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Alfred Woollam (d. 30 April 1916)


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Alfred Woollam was born at Tunstall, one of the Six Towns of Stoke-on-Trent, in around April 1898 and died on this day in 1916 whilst serving with 1st Battalion, North Staffordshire Regiment during the first German gas attack at Wulverghem.

In 1911, at thirteen years old, Alfred was working in a local warehouse but on 29 August 1914, sixteen year old Alfred went to Burslem and volunteered to join the army. He told the army that he was nineteen and was accepted into the ranks. After a short period of training, Alfred was posted to 7th Battalion of the North Staffordshire Regiment and on 26 June 1915 found himself aboard SS Ivernia, on his way to Gallipoli, where he was landed on V Beach on 13 July 1915.

The 7th North Staffords were in the front line for several months, beating off an aggressive Turkish attack on the day after they arrived and, in August, took part in the bloody but failed attack that is known as the Battle of Sari Bair.

Alfred was wounded by a gunshot to his right arm at the beginning of October 1915 and was evacuated back to England. In February 1916, after making a full recovery, Alfred was posted to 1st Battalion of the North Staffordshire Regiment, which had been on the Western Front since September 1914. At that time, the Battalion was in the trenches around the Belgian village of Wulverghem, a few kilometres to the south of Ypres.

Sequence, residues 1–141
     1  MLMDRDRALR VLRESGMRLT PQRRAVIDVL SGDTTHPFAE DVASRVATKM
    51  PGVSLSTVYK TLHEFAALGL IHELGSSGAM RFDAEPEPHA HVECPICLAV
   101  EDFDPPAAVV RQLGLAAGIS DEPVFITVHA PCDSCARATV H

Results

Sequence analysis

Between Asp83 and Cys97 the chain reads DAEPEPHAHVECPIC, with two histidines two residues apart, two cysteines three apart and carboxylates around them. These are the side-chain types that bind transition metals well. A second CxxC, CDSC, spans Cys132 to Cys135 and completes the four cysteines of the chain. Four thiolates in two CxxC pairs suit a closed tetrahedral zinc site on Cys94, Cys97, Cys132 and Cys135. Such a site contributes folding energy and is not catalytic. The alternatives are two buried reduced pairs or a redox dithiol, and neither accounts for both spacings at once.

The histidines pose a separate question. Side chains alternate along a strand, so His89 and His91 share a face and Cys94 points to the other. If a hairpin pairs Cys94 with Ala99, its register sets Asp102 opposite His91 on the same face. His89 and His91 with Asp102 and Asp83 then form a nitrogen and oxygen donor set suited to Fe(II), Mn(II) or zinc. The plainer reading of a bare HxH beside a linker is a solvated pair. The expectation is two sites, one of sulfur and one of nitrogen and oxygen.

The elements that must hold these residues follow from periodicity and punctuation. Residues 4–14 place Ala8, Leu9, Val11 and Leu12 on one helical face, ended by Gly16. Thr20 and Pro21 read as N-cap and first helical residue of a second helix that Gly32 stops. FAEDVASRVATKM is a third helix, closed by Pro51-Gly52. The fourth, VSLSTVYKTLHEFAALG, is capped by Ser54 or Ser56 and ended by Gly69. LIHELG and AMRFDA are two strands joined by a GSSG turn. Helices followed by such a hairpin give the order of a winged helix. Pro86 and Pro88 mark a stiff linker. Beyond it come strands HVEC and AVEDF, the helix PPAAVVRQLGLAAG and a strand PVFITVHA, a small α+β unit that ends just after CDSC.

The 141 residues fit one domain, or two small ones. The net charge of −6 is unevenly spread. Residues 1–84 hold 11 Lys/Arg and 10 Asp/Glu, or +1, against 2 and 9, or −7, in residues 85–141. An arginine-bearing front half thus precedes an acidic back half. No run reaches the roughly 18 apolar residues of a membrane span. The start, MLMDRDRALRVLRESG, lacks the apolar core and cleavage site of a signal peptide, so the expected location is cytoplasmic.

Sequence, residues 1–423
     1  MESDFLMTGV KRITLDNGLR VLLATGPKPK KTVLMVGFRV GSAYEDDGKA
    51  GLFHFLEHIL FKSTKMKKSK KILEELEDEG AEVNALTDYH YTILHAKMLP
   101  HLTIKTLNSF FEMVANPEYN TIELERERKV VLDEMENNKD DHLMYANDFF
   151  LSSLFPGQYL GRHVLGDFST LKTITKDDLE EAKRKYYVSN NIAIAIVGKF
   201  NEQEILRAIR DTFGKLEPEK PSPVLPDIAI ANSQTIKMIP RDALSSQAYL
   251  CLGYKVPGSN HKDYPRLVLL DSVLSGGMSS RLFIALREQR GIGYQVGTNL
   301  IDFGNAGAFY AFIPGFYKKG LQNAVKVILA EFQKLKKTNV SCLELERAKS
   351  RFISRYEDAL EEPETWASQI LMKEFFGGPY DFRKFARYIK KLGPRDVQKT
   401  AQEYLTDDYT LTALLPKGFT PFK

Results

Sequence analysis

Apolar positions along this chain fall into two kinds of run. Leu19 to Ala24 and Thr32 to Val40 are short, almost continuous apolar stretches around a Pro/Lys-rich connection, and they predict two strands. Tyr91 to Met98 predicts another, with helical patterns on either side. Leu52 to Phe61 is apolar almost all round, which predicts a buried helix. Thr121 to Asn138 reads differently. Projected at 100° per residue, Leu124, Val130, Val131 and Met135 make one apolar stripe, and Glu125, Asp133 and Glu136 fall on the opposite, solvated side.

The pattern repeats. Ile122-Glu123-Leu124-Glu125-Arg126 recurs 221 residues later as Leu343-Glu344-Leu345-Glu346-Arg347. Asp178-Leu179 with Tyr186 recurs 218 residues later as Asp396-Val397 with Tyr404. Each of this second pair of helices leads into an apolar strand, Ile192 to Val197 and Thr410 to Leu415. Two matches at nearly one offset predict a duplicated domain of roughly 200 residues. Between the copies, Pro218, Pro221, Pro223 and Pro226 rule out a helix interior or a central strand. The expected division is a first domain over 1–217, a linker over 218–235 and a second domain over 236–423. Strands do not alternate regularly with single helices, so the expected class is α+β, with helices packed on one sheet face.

Alfred "celebrated" his eighteenth birthday in the front line. The weather in April 1916 was occasionally showery but mostly fine and the trenches were dry. All was quiet in this sector of the Western Front.

On 26 April, two captured German soldiers gave warning that a gas attack in the sector was imminent and the Battalion took "extraordinary precautions" - standing to throughout the following day but no attack took place. The following days were also quiet but, at 12.50 am on 30 April, heavy rifle and machine gun fire heralded a German attack and at 12.55 am, the gas alarm was sounded.

A single wave of chlorine gas, traveling at 10 mph on a westerly wind, engulfed the North Staffords' forward trenches within 11 seconds, giving insufficient time for many of the troops to use their gas masks. There were 112 casualties and, according to the Battalion's history, a considerable proportion of them did not begin to feel the effects till two to three hours afterwards, with the earliest deaths occurring about an hour and a half after the attack had started.

"The Aid Post was a sorry sight", an eye witness later reported, "the gassed men were waiting outside... for the ambulances to take them away. Coughing, vomiting and struggling for breath, they caused all who saw them to realise the inhumanity of the latest methods of making war".

Alfred Woollam was one of those soldiers from the 1st North Staffords who died on this day. It is not known whether he died from the immediate effects of gas-poisoning or during the subsequent German attack.

Alfred is commemorated on the War Memorial at Tunstall and is buried at the Military Cemetery near Dranoutre.

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Checked for a picture of Alfred within the Sentinel, unfortunately i cannot find one, however here is a fellow comrade who sadly died this day from nearby Burslem H Lymer, poor picture sadly




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